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Cancer Vaccines for Genitourinary Tumors: Recent Progresses and Future Possibilities

Oncology Unit, Foundation Casa Sollievo della Sofferenza IRCCS, 73013 San Giovanni Rotondo, Italy
Department of Translational Medicine and Surgery, Catholic University of the Sacred Heart, 00168 Rome, Italy
Medical Oncology Unit, Comprehensive Cancer Center, Foundation A. Gemelli Policlinic IRCCS, 00168 Rome, Italy
Medical Oncology, Department of Precision Medicine, Luigi Vanvitelli University of Campania, 80131 Naples, Italy
Urology Unit, Foundation Casa Sollievo della Sofferenza IRCCS, 73013 San Giovanni Rotondo, Italy
Author to whom correspondence should be addressed.
Vaccines 2021, 9(6), 623;
Received: 29 April 2021 / Revised: 27 May 2021 / Accepted: 4 June 2021 / Published: 9 June 2021
(This article belongs to the Special Issue Therapeutic Vaccine against Cancer)


Background: In the last years, many new treatment options have widened the therapeutic scenario of genitourinary malignancies. Immunotherapy has shown efficacy, especially in the urothelial and renal cell carcinomas, with no particular relevance in prostate cancer. However, despite the use of immune checkpoint inhibitors, there is still high morbidity and mortality among these neoplasms. Cancer vaccines represent another way to activate the immune system. We sought to summarize the most recent advances in vaccine therapy for genitourinary malignancies with this review. Methods: We searched PubMed, Embase and Cochrane Database for clinical trials conducted in the last ten years, focusing on cancer vaccines in the prostate, urothelial and renal cancer. Results: Various therapeutic vaccines, including DNA-based, RNA-based, peptide-based, dendritic cells, viral vectors and modified tumor cells, have been demonstrated to induce specific immune responses in a variable percentage of patients. However, these responses rarely corresponded to significant survival improvements. Conclusions: Further preclinical and clinical studies will improve the knowledge about cancer vaccines in genitourinary malignancies to optimize dosage, select targets with a driver role for tumor development and growth, and finally overcome resistance mechanisms. Combination strategies represent possibly more effective and long-lasting treatments.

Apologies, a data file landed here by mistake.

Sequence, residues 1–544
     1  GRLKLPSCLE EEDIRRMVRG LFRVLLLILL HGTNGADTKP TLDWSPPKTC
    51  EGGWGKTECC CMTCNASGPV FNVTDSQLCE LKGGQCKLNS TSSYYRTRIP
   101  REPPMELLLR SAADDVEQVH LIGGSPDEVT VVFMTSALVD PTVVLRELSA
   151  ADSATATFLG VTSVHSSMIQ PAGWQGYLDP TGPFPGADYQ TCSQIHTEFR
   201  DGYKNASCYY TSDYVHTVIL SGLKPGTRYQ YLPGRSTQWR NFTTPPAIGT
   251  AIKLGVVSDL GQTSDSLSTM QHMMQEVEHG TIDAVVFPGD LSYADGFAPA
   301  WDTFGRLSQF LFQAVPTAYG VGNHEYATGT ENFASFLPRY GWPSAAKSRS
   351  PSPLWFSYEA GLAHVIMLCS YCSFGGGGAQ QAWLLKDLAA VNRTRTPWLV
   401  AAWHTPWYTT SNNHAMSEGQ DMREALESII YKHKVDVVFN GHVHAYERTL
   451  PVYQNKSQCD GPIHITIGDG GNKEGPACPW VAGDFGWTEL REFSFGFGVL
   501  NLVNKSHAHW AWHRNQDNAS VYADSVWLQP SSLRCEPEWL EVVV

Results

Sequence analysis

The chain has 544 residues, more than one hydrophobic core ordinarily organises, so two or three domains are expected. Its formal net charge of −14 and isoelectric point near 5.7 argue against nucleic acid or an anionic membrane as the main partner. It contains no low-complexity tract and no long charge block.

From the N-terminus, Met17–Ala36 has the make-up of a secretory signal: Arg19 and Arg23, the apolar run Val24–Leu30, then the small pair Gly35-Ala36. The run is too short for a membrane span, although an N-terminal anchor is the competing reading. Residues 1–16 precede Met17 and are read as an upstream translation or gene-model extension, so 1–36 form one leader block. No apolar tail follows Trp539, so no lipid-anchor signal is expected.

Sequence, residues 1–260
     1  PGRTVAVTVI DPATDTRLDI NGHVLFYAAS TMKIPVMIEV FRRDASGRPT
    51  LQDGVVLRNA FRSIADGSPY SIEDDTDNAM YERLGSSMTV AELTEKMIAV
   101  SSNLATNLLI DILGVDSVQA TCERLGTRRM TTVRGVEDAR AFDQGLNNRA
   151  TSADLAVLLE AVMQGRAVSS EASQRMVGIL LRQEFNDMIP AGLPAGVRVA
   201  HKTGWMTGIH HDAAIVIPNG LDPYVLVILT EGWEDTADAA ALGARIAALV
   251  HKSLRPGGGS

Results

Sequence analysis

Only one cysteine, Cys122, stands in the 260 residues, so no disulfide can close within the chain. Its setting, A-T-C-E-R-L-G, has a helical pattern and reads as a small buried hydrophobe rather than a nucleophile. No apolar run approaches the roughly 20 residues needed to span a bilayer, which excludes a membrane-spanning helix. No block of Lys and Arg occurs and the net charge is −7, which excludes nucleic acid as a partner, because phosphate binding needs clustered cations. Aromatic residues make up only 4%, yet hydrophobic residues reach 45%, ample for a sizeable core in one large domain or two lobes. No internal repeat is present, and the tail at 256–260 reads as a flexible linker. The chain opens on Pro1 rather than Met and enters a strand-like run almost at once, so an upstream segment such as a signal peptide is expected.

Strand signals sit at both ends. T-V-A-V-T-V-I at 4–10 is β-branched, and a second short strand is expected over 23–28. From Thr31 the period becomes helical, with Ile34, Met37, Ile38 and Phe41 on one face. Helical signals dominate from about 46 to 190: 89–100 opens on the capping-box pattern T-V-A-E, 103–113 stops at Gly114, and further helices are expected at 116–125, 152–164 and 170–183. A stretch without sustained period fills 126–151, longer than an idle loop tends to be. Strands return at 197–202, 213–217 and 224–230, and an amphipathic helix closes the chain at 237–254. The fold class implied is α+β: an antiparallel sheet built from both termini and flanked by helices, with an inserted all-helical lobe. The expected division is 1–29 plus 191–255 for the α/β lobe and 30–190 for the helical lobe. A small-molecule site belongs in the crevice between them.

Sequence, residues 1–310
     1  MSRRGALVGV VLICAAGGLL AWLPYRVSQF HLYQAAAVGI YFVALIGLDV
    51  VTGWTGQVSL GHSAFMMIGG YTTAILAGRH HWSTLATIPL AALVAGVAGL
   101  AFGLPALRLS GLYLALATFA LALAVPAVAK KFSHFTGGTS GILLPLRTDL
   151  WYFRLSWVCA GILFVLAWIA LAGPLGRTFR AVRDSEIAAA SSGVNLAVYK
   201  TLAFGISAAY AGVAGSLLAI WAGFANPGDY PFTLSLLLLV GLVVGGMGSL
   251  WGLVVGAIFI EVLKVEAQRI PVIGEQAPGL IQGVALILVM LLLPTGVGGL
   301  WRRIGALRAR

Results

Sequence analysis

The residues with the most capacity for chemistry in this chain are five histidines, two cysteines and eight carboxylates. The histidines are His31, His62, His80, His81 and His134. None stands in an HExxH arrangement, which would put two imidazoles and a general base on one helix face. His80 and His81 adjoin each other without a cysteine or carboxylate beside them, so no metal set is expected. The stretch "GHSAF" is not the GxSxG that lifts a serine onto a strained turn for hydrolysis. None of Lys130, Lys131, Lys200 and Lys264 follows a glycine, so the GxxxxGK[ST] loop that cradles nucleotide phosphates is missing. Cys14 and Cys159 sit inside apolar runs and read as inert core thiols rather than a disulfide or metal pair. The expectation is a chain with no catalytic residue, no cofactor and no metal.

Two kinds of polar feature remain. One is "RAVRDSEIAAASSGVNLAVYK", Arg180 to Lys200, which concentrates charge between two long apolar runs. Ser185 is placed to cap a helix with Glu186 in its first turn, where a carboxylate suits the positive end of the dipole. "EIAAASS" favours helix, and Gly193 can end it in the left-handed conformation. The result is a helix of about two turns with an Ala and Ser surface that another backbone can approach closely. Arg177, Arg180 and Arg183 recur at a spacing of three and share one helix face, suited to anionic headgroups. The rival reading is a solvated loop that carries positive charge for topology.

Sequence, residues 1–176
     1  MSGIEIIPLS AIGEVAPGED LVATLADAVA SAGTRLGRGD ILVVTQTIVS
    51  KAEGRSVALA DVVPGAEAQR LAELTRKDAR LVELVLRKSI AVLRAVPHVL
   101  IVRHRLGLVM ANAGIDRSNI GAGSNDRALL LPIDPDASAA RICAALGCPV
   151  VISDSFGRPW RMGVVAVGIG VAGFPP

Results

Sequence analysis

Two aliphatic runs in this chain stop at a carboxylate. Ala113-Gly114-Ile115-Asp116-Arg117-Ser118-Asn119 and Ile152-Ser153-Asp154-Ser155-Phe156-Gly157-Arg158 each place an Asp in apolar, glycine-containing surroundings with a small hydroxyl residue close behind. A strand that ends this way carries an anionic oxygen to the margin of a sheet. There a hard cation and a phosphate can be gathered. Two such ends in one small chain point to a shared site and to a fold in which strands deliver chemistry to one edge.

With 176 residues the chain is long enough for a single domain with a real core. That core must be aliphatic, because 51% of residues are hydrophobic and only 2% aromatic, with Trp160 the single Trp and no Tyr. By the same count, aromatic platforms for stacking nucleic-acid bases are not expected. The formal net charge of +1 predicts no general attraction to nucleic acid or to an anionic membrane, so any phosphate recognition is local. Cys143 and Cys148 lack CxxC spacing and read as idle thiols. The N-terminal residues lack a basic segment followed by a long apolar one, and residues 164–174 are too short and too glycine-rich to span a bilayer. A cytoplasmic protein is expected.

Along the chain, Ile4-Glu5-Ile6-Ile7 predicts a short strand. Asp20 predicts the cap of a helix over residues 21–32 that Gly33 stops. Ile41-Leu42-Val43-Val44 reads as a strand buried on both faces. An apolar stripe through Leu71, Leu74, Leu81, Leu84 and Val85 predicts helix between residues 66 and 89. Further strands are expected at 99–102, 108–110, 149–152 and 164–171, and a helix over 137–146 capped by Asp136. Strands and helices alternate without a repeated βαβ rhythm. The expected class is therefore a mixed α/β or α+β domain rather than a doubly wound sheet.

1. Introduction

Immunotherapy has represented a breakthrough therapy for many cancer subtypes in the last years. Among genitourinary (GU) neoplasms, the urothelial carcinoma (UC) and the renal cell carcinoma (RCC) have benefitted mainly from immune checkpoint inhibitors (ICIs) both as single agents and in combination with other ICIs or tyrosine kinase inhibitors (TKIs) [1,2,3,4,5,6,7,8,9,10,11,12,13]. However, in prostate cancer (PCa), ICIs have shown limited efficacy primarily due to an immunologically ‘cold’ and immunosuppressive tumor microenvironment (TME) [14,15,16,17,18].